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Re: [RFC PATCH v3 05/27] qcow2: Document the Extended L2 Entries feature

From: Eric Blake
Subject: Re: [RFC PATCH v3 05/27] qcow2: Document the Extended L2 Entries feature
Date: Thu, 20 Feb 2020 09:16:12 -0600
User-agent: Mozilla/5.0 (X11; Linux x86_64; rv:68.0) Gecko/20100101 Thunderbird/68.4.1

On 2/20/20 8:49 AM, Alberto Garcia wrote:
On Thu 20 Feb 2020 03:28:17 PM CET, Eric Blake wrote:
+An image uses Extended L2 Entries if bit 3 is set on the incompatible_features
+field of the header.
+In these images standard data clusters are divided into 32 subclusters of the
+same size. They are contiguous and start from the beginning of the cluster.
+Subclusters can be allocated independently and the L2 entry contains 
+indicating the status of each one of them. Compressed data clusters don't have
+subclusters so they are treated like in images without this feature.

Grammar; I'd suggest:

...don't have subclusters, so they are treated the same as in images
without this feature.


Are they truly the same, or do you still need to document that the
extra 64 bits of the extended L2 entry are all zero?

It is documented later in the same patch ("Subcluster Allocation Bitmap
for compressed clusters").

Yes, I saw the mention later. I'm just wondering if we need to rearrange text to mention that the bits are reserved (set to 0, ignore on read) closer to the point where we document compressed clusters have no subclusters.

By the way, this series treats an L2 entry as invalid if any of those
bits is not zero, but I think I'll change that. Conceivably those bits
could be used for a future compatible feature, but it can only be
compatible if the previous versions ignore those bits.

+        32 -  63    Subcluster reads as zeros (one bit per subcluster)
+                    1: the subcluster reads as zeros. In this case the
+                       allocation status bit must be unset. The host
+                       cluster offset field may or may not be set.

Why must the allocation bit be unset?  When we preallocate, we want a
cluster to reserve space, but still read as zero, so the combination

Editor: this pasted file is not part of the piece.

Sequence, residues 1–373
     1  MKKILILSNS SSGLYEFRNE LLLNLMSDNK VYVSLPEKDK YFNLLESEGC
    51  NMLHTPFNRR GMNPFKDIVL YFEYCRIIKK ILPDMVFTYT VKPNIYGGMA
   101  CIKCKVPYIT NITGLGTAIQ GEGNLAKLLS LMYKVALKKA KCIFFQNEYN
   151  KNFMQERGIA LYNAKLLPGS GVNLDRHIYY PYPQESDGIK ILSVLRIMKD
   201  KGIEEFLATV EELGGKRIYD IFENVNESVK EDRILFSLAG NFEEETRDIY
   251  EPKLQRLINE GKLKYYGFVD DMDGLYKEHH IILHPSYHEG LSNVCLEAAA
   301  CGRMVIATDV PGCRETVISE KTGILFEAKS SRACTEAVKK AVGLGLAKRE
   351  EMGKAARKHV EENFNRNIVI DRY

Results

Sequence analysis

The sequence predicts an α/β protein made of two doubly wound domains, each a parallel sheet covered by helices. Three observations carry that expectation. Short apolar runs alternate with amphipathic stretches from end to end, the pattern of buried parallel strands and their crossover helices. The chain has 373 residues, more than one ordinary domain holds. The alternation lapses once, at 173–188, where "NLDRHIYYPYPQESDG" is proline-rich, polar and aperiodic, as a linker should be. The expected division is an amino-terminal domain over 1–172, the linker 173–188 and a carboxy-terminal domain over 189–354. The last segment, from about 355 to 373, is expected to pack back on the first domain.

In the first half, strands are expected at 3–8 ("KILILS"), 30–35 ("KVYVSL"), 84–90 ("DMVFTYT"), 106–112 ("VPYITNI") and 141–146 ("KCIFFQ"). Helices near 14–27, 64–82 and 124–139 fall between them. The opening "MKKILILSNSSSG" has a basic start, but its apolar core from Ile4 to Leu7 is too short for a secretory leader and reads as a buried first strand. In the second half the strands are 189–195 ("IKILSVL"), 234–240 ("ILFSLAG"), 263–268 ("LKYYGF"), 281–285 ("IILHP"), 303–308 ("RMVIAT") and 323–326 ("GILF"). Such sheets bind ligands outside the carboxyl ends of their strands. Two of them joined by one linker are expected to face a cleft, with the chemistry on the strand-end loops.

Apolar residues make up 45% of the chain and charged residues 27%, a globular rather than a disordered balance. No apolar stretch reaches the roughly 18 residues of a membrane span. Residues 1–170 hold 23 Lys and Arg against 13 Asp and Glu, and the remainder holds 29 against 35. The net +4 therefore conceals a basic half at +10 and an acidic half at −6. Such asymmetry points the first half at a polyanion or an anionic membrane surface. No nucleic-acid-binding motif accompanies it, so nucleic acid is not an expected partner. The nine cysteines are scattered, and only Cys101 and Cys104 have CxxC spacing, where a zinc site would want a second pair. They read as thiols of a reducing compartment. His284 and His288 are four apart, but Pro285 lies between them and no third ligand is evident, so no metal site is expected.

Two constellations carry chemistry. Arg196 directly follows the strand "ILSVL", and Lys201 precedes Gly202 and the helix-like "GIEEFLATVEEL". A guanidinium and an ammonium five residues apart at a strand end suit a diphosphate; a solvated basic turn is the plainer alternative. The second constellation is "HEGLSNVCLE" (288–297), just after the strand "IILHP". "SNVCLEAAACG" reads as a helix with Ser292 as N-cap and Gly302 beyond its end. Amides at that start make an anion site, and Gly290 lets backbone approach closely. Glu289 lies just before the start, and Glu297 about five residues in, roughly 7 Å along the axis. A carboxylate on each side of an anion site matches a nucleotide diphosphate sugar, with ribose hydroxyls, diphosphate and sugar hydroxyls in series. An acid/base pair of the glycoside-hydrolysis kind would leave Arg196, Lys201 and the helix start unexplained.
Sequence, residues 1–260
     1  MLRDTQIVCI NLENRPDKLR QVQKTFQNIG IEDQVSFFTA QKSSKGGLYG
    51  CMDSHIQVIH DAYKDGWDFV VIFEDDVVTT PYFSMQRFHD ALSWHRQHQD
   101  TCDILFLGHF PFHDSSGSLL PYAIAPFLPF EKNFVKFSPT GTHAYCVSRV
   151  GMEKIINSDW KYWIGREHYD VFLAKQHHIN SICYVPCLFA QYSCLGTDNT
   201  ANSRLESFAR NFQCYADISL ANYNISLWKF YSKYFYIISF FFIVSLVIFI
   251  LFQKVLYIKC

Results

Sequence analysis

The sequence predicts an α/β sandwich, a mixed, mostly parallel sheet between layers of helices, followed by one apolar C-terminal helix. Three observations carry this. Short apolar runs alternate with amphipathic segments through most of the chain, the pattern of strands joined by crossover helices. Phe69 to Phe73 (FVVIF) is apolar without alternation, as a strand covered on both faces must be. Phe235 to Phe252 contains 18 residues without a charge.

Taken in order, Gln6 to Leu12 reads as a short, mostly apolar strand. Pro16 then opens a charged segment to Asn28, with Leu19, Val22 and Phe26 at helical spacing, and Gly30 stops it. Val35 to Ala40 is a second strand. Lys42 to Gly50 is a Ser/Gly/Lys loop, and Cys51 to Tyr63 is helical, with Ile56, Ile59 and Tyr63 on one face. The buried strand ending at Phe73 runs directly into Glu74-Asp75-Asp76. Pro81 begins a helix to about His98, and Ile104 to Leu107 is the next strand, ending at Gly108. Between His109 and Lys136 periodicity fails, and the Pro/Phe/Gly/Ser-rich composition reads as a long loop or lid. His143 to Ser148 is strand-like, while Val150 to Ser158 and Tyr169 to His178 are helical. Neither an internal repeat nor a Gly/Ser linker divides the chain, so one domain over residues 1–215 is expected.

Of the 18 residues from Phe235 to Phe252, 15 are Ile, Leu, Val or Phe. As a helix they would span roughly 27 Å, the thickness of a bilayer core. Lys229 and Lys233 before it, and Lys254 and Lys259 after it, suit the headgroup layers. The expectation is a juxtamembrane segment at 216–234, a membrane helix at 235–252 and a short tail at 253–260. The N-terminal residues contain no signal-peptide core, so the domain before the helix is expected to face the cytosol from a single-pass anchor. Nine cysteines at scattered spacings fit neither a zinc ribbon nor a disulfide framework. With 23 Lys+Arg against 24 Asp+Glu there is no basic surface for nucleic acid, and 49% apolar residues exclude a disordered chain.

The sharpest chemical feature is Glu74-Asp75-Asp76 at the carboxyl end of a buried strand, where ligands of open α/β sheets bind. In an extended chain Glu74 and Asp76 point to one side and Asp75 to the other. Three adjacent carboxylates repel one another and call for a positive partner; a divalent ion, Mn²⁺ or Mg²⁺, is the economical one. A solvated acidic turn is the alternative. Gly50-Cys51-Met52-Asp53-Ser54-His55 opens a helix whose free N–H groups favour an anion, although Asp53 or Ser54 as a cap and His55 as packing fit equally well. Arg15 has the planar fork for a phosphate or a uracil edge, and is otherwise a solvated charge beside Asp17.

of both bits set makes sense to me.

Since 00 means unallocated and 01 allocated, there are two options left
to represent the "reads as zero" case: 10 and 11.

I think that one could argue for either one and there is no "right"
choice. I chose the former because I understood the allocation bit as
"the guest visible data is obtained from the raw data in that
subcluster" but the other option also makes sense.

My argument is that BOTH bit settings make sense:

10 - reads as zero, but subcluster is not allocated
11 - reads as zero, and subcluster is allocated

Oh, I see. I'm getting confused on the meanings of "allocated". Meaning 1: a host address is reserved for the guest address (pre-allocation sense). Meaning 2: guest reads come from this layer rather than from the backing layer (COW/COR sense).

Pre-allocation is ALWAYS done a cluster at a time (you only have ONE host offset, shared among all 32 subclusters, per L2 entry), so either all 32 subclusters have a preallocated location, or none of them do. What is left, then, is a determination of whether to read locally or from the backing file, AND when reading locally, whether to read from the pre-allocated space or to just read zeroes.

We have 8 potential combinations (not all make sense):

host   zero alloc
  0      0    0     cluster unallocated, subcluster defers to backing
  0      0    1     error (except maybe for external data file)
  0      1    0     cluster unallocated, subcluster reads as zero
  0      1    1     error (except maybe for external data file)
 addr    0    0     cluster allocated, subcluster defers to backing
 addr    0    1     cluster allocated, subcluster reads from host
 addr    1    0     cluster allocated, subcluster reads as zero
 addr    1    1   error, or cluster allocated, subcluster reads as zero

Hmm - normally addr is non-zero (because the 0 addr is the metadata cluster of qcow2), but with external data file, host addr 0 is required for guest offset 0. How do subclusters play with external data files? It makes sense to still have subclusters read as 0 or defer to backing with an external file (except maybe when raw external file is set). But you did word it as if the alloc bit is set, the "host cluster offset field must contain a valid offset" which includes an offset of 0 for external data file.

If we mandate 10 for the reads-as-zero form, then whether addr is valid is irrelevant. If we mandate 11 for the reads-as-zero form, then addr must be valid even though we don't reference addr. Having written all that, I agree that either form should work, but also that mandating one form leaves the door open for a future extension to define meaning to the form we did not permit (that is, either 10 or 11 becomes a reserved pattern that we can later give meaning to), vs. allowing both forms now and locking ourselves out of a future meaning. And mandating addr to be valid even when reading zeroes doesn't use addr feels odd.

So, I'm okay with your choice of picking 00, 01, and 10 as the mandated forms, and declaring 11 as invalid for now (but a possible future extension). Maybe I'll change my mind when seeing what complexity it adds to the qcow2 reference implementation, but hopefully not.

Eric Blake, Principal Software Engineer
Red Hat, Inc.           +1-919-301-3226
Virtualization:  qemu.org | libvirt.org

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